Google Glass is best suited as a Push Device

Google Wearable Devices

Google Wearable Devices

Why I think Google Glass is best suited as a push device & smart watches for retrieving data

The Google I/O 2014 broadcasted a number of wearable sessions to include both Android Wear & Google Glass. After I watched several IO sessions, it has me thinking Google Glass is better suited as a wearable to push content (pictures, videos, messages, & notes) from the device to the cloud and Android Wear as device to retrieve content (notifications) from your smartphone.

Since getting prescription frames for Glass, I’ve been using Glass full-time with the exception of whilst tethered to my PC. However, while on the go I’m usually inundated with notifications especially in certain areas of downtown Atlanta where the Field Trip app keeps feeding me information on places and attractions in the vicinity. This usually drains my battery life down considerably to where I can’t get a full day of battery life. In my experience, Glass is for short micro transactions but when those micro-transactions become overwhelming or an enormous distraction its time to change the way you use it. The exception to the rule of course is when I request information to Glass. For instance, when asking Glass for directions, or finding a place using the Foursquare app.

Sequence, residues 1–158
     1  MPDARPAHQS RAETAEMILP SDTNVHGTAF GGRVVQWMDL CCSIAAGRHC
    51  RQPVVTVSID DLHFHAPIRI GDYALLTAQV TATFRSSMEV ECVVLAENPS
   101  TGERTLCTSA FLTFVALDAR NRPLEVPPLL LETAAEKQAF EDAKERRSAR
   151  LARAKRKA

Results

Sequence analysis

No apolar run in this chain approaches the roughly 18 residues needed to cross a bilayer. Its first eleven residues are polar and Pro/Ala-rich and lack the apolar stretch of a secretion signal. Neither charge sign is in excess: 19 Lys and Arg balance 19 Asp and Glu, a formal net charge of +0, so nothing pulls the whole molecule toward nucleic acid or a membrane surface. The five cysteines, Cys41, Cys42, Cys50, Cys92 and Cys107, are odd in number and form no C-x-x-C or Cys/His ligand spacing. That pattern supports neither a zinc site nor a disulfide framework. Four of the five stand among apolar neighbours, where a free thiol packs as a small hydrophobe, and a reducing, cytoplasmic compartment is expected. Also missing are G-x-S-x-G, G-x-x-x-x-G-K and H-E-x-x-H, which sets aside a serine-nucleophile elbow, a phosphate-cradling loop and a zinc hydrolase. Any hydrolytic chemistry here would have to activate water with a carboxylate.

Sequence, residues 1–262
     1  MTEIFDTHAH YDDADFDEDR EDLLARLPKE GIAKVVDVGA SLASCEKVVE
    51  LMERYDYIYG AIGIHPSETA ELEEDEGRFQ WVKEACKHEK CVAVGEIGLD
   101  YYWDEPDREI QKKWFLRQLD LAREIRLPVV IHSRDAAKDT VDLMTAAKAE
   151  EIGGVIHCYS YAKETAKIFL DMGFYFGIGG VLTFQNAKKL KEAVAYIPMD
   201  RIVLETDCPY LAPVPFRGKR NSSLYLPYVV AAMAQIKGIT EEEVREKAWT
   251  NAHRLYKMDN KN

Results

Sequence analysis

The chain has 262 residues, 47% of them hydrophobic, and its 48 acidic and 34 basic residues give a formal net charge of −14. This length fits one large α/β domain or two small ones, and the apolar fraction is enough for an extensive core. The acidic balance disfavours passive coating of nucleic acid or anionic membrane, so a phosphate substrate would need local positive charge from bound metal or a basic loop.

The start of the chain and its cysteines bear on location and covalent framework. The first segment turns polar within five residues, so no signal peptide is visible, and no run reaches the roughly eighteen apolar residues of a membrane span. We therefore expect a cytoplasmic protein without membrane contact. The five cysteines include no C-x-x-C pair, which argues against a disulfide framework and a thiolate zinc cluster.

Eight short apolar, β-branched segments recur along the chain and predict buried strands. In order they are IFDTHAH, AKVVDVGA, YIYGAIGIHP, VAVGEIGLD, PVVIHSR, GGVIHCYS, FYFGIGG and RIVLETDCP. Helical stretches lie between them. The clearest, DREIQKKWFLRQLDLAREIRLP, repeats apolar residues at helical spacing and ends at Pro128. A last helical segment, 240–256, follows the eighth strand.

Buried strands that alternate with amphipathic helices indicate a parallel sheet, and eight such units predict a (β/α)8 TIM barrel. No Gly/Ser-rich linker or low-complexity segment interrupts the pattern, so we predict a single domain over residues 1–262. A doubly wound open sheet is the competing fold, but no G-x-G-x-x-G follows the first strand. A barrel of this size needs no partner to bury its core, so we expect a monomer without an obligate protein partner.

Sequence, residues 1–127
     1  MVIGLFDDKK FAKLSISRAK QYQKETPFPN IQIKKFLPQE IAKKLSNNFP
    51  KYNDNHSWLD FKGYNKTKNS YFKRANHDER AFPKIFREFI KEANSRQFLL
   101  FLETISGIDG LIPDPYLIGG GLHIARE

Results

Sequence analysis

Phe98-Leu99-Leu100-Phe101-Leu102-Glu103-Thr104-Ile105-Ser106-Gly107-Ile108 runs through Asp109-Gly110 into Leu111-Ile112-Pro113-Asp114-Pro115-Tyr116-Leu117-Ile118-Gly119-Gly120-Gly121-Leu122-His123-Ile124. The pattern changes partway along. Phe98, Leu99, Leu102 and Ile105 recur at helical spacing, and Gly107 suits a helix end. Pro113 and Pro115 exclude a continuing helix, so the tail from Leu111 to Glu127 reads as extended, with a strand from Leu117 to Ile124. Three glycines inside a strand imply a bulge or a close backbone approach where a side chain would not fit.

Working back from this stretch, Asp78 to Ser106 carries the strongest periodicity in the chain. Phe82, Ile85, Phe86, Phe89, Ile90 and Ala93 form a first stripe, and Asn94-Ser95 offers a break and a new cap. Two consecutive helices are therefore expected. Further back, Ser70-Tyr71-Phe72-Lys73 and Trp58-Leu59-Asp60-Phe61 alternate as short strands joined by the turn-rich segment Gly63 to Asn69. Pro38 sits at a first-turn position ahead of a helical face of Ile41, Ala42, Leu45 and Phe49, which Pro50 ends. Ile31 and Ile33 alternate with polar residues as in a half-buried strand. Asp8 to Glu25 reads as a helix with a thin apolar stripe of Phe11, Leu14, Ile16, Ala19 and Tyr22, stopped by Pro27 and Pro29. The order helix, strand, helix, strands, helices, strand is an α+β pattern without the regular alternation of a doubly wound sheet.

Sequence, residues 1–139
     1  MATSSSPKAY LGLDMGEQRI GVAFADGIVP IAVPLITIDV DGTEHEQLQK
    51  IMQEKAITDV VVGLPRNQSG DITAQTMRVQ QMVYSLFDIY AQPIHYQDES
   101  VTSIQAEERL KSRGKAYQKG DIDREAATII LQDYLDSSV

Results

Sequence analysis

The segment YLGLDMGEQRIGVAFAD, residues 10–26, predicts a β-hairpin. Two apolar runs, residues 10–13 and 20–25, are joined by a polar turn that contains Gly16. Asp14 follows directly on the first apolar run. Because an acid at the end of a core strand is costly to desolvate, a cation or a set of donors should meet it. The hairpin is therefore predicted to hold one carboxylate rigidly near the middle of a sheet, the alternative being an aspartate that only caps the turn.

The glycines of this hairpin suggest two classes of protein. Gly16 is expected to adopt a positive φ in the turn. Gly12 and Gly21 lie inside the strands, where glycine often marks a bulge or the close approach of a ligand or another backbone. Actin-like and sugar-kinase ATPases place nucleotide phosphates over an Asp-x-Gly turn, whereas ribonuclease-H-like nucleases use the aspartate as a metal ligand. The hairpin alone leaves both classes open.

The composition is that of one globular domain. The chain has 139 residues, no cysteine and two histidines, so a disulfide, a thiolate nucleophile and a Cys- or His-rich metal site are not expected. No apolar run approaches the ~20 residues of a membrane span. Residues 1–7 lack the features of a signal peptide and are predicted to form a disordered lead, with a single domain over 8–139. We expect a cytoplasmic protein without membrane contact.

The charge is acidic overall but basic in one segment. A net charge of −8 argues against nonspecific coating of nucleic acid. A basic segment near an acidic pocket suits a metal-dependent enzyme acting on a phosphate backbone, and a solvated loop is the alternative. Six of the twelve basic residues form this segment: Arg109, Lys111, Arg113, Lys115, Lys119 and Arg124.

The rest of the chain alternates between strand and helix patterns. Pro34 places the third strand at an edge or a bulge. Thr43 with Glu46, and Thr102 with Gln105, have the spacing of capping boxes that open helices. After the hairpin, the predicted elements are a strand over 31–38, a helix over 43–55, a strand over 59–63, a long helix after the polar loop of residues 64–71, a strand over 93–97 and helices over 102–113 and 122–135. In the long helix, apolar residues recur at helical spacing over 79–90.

The majority of the time I prefer to push content from Glass to the cloud. My favorite use cases are posting a picture to social media, posting a quick note to Evernote or Google Drive, creating a grocery list via voice using Shop X, check-in to Foursquare, or even upload a video to Youtube directly from Glass. These use cases represent the best examples of how Glass works best for me – pushing content handsfree to the cloud or paired devices.

Android Wear (smart watches), on the other hand, was produced to pull content from your smartphone. For the reasons I noted above, I can see myself wearing both Google Glass and a smart watch (like the Moto360) albeit not 100% all the time. The smart watch is the all the time device to use even while tethered to my computer and is the perfect companion to the smartphone to receive notifications from Google Now and apps. Again, I hope there’s some control over the frequency of notifications especially during certain times of the day.

In any case, I’m excited about the advent of wearables and curious to see how I will use both and observe how others are using them in the wild.